Venezuela’s economy is in shambles. Crime is rising, and food and medicine are in short supply. To date, the government has offered little by way of solutions, and it is arguably responsible for the growing strife. However, in what appears to be a grasping-for-straws effort to revitalize the economy, the government has introduced a new kind of virtual currency, the “petro,” that they believe can reverse their fortunes. In this post, I’ll examine what got Venezuela to this point, as well as what the petro could mean for investors and countries around the world.
Venezuela, which holds the largest reserves of crude oil in the world, was once awash with cash. Various difficulties, including severe income inequality, corruption, increased oil supply from elsewhere in the world, falling commodity prices, and international sanctions have led to the current political crisis for President Nicolás Maduro and his administration. The country’s currency, the bolívar, has been devalued to the point that inflation is in the quadruple digits, leaving a desperate, increasingly-fleeing population in its wake.
Meet the Petro
Maduro’s administration is banking on the petro, the first virtual currency ever issued by a country, to provide enough income to allow Venezuela to pay off ever-rising debts and import the basic goods its people have been deprived of. The petro is backed by Venezuela’s most-reliable economic resource – its vast oil reserves – but government officials have given very little indication of how, exactly, oil and petro prices will be linked. Venezuelan officials are also hoping for an additional benefit – using the privacy inherent to cryptocurrencies to navigate around American sanctions, which outlaw business deals with Maduro and other senior officials, as well as banning the purchase of Venezuelan-issued securities in American markets.
Much of the international community blames Venezuela’s economic situation on mismanagement by the Maduro administration – the same administration and political party that, in advance of April elections, will only be competing against itself, as the three major opposing parties were banned from participating. Consequently, response outside of Venezuela (especially in America) has been largely negative. US Senators Marco Rubio and Robert Menendez reached out to Treasury secretary Steven Mnuchin, asking him to monitor the situation to ensure enforcement of American sanctions, and a Treasury Department spokesperson issued a warning in January that investing in the currency would have likely legal repercussions.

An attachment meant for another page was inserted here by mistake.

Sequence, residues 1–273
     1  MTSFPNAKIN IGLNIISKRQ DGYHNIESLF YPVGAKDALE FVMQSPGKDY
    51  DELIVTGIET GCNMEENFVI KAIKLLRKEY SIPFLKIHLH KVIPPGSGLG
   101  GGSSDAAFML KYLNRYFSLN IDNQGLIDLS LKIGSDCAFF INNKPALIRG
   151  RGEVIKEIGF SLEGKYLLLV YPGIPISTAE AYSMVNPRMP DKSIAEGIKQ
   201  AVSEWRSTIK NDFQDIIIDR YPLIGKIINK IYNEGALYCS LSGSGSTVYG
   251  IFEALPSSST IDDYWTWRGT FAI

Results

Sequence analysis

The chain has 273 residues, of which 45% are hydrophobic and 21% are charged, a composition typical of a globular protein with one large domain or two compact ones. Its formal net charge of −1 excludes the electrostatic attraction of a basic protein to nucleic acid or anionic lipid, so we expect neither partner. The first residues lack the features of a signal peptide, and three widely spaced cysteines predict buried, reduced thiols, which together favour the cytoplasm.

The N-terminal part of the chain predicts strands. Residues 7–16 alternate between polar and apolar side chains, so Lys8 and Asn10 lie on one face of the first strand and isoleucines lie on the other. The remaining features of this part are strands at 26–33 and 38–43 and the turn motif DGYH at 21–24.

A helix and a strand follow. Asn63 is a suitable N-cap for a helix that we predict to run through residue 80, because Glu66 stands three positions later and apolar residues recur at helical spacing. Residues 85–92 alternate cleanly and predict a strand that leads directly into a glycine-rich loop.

Prospects for Success
Lack of trust in the Venezuelan government, coupled with rampant corruption, means analysts are giving the petro little chance of success. Cynthia J. Arnson, director of the Latin American Program at the Woodrow Wilson International Center for Scholars, characterized the introduction of the petro to the New York Times as “…a desperate move by a regime that is increasingly isolated and has an economy that has spiraled out of its control”. Other governments around the world have experimented with the idea of a government-backed cryptocurrency, including China and England, but both have significantly stronger economies, and neither have rolled out anything on this scale. Experts are especially interested in the petro’s success at evading sanctions, though they aren’t the only ones – other nations under US sanctions, like Iran and Russia, will be watching closely to glean lessons from even the smallest victories on this front.
For most investors, confidence in the petro is ultimately inextricable from confidence in the Venezuelan government. Skepticism may reign internationally, but Maduro and senior officials believe this is the “cryptocurrency to take on Superman”. Time will tell if the petro is Venezuela’s economic saving grace, or another misstep in a long list of them.